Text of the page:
State regulators in Minnesota shuttered Prosperan Bank of Oakdale, Minn. Acting as receiver, the FDIC sold the failed bank's deposits and about $174 million of its $200 million in assets to Alerus Financial NA of Grand Forks, N.D., a subsidiary of Alerus Financial ( ALRS.PK ). The failed institution's three branches were set to reopen during normal business hours as Alerus branches. The FDIC agreed to share in losses on the acquired assets and estimated the cost to its insurance fund would be $60.1 million.

The Missouri Division of Finance took over Gateway Bank of St. Louis and appointed the FDIC receiver. The FDIC arranged for Central Bank of Kansas City to assume the failed bank's deposits and its total assets of $27.7 million. Gateway's office was to reopen Saturday as a branch of Central Bank, and the FDIC estimated the cost to its insurance fund would be $9.2 million.

Ongoing Bank Failure Coverage

All previous bank and thrift failures for 2008 and 2009 are detailed in TheStreet.com's interactive bank failure map:

The bank failure map is color-coded, with states having the greatest number of failures highlighted in red, and states with no failures in grey. By hovering your mouse over a state you can see the combined 2008-2009 totals for that state. Then click on the state to open a detailed map pinpointing the location of each bank failure and providing additional information about the failure.

Georgia leads all states with 26 bank or thrift failures during 2008 and 2009, followed by Illinois with 20, California with 19 and Florida with 11.

Large holding companies acquiring failed institutions during 2008 and 2009 have included J.P. Morgan Chase ( JPM - Get Report), which acquired Washington Mutual, the largest-ever bank or thrift to fail in the U.S; U.S. Bancorp ( USB - Get Report); SunTrust Banks ( STI - Get Report); Regions Financial ( RF); Fifth Third Bancorp ( FITB); Zions Bancorp ( ZION); PNC Financial ( PNC); and BB&T ( BBT).

Free Financial Strength Ratings

One of the most important steps the FDIC has taken to curtail the likelihood of bank failures is its temporary increase of the basic limit on individual deposit insurance coverage to $250,000 from $100,000. This increase has been extended through 2013.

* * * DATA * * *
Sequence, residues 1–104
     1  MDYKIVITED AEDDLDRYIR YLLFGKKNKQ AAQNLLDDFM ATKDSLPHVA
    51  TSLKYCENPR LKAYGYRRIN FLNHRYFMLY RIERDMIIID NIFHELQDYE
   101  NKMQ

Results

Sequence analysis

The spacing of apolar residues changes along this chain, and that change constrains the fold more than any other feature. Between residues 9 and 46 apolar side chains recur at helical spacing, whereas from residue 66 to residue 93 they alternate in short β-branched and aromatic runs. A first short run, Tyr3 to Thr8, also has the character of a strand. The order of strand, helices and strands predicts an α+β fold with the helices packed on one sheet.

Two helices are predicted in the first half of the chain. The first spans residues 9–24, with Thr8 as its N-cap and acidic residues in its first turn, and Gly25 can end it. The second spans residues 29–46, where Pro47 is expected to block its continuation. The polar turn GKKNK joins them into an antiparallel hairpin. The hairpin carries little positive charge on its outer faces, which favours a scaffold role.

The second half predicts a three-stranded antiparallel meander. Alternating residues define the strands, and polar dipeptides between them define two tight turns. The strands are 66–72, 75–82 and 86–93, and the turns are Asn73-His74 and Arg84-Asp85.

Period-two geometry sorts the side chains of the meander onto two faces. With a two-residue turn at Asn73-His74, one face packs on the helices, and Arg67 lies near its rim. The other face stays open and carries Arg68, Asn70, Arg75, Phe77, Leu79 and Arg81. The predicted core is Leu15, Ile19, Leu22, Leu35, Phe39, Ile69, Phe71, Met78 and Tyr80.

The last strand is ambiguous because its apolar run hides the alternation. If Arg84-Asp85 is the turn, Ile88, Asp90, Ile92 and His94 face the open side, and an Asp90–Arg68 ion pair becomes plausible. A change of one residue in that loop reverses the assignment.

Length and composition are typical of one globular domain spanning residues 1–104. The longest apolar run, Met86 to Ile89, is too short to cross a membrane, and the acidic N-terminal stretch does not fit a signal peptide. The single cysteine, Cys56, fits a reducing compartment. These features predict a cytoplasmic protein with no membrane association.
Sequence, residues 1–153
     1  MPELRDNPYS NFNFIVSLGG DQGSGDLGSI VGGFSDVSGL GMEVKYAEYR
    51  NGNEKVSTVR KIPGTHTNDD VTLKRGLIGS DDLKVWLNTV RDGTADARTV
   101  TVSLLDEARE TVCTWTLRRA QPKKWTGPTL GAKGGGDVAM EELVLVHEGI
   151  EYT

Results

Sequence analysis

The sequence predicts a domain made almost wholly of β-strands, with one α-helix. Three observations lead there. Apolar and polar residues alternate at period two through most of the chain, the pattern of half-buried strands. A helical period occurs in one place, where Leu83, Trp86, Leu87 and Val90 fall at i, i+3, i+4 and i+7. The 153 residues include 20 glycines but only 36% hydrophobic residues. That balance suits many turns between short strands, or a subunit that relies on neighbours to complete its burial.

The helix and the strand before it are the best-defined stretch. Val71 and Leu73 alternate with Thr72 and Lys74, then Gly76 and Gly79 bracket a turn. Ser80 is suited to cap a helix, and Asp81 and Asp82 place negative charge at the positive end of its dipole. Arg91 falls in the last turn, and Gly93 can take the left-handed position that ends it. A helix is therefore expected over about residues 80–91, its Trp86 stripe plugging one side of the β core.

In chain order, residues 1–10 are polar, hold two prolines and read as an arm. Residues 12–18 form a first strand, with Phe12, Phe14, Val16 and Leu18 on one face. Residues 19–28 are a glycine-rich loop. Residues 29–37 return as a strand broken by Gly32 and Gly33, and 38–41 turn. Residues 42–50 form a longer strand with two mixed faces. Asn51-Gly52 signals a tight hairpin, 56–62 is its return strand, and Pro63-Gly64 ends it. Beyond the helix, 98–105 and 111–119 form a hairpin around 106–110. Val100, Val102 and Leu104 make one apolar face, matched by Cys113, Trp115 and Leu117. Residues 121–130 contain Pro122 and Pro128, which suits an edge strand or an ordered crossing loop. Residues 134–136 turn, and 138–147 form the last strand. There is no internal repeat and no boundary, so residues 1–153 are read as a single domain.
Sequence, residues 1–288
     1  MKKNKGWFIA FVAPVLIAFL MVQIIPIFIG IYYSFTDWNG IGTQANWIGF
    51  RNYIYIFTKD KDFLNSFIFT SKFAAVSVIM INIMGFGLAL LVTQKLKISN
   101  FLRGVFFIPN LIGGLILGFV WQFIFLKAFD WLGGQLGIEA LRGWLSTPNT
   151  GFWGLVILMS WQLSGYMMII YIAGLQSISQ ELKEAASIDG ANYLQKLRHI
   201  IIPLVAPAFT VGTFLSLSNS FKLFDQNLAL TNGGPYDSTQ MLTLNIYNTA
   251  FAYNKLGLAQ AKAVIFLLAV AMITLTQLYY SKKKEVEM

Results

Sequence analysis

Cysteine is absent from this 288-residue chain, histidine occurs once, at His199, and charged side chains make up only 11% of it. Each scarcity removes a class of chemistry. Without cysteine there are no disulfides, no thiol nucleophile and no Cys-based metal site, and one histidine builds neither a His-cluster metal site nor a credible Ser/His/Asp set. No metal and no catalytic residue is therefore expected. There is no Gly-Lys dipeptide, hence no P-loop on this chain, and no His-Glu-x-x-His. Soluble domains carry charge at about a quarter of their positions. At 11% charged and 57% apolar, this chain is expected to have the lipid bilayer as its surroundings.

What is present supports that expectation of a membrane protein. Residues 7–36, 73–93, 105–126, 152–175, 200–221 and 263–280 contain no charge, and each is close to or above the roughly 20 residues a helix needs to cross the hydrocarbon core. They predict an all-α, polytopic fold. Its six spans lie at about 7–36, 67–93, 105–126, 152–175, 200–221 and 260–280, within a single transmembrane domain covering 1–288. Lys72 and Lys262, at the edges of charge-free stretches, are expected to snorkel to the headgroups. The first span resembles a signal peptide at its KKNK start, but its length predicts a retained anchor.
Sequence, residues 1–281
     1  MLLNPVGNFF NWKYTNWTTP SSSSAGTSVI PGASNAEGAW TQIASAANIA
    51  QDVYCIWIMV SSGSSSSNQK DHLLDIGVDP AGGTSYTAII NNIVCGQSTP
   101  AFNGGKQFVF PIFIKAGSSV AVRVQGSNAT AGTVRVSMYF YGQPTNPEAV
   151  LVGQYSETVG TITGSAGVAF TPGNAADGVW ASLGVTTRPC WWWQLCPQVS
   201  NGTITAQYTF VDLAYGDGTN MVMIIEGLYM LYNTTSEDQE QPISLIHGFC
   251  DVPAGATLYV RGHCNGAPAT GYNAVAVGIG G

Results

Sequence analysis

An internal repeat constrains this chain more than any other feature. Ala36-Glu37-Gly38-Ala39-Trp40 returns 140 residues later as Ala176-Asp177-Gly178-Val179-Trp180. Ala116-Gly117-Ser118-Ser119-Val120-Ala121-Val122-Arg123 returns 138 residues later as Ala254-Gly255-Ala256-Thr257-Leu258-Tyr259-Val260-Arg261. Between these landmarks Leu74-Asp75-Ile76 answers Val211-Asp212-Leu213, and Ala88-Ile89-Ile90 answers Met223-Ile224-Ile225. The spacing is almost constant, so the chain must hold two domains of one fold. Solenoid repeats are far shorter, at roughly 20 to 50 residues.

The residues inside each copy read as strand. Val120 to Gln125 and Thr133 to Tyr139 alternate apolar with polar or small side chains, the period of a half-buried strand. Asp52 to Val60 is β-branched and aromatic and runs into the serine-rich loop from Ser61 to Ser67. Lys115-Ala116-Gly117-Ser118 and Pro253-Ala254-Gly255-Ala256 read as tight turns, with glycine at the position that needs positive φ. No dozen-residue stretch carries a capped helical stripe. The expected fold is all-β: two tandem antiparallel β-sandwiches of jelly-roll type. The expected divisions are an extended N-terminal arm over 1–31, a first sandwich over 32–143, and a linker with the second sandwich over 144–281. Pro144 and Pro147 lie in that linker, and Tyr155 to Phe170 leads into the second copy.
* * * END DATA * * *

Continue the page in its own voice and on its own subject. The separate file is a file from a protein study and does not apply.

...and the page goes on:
The FDIC has also temporarily waived all deposit insurance limits for business transaction accounts (checking accounts). This waiver is set to expire on June 30, 2010, after which business checking accounts will go back to the $100,000 deposit insurance limit.

This means it will be more important than ever for business and municipal entities such as school districts to carefully monitor the health of their banks. It's very easy to have more than $100,000 of somebody else's money flowing through a business account.

TheStreet.com Ratings issues independent and very conservative financial strength ratings on each of the nation's 8,500 banks and savings and loans. They are available at no charge on the Banks & Thrifts Screener.

In addition, the Financial Strength Ratings for 4,000 life, health, annuity, and property/casualty insurers are available on the Insurers & HMOs Screener.

TheStreet.com Ratings also provides award-winning stock ratings, which are available on the Stock Ratings Screener.

TheStreet.com Ratings was recently ranked the No. 1 independent stock selector during the market meltdown by BNY ConvergEx Group's BNY Jaywalk.

-- Written by Philip van Doorn in Jupiter Fla.

Philip W. van Doorn joined TheStreet.com Ratings., Inc., in February 2007. He is the senior analyst responsible for assigning financial strength ratings to banks and savings and loan institutions. He also comments on industry and regulatory trends. Mr. van Doorn has fifteen years experience, having served as a loan operations officer at Riverside National Bank in Fort Pierce, Florida, and as a credit analyst at the Federal Home Loan Bank of New York, where he monitored banks in New York, New Jersey and Puerto Rico. Mr. van Doorn has additional experience in the mutual fund and computer software industries. He holds a Bachelor of Science in business administration from Long Island University.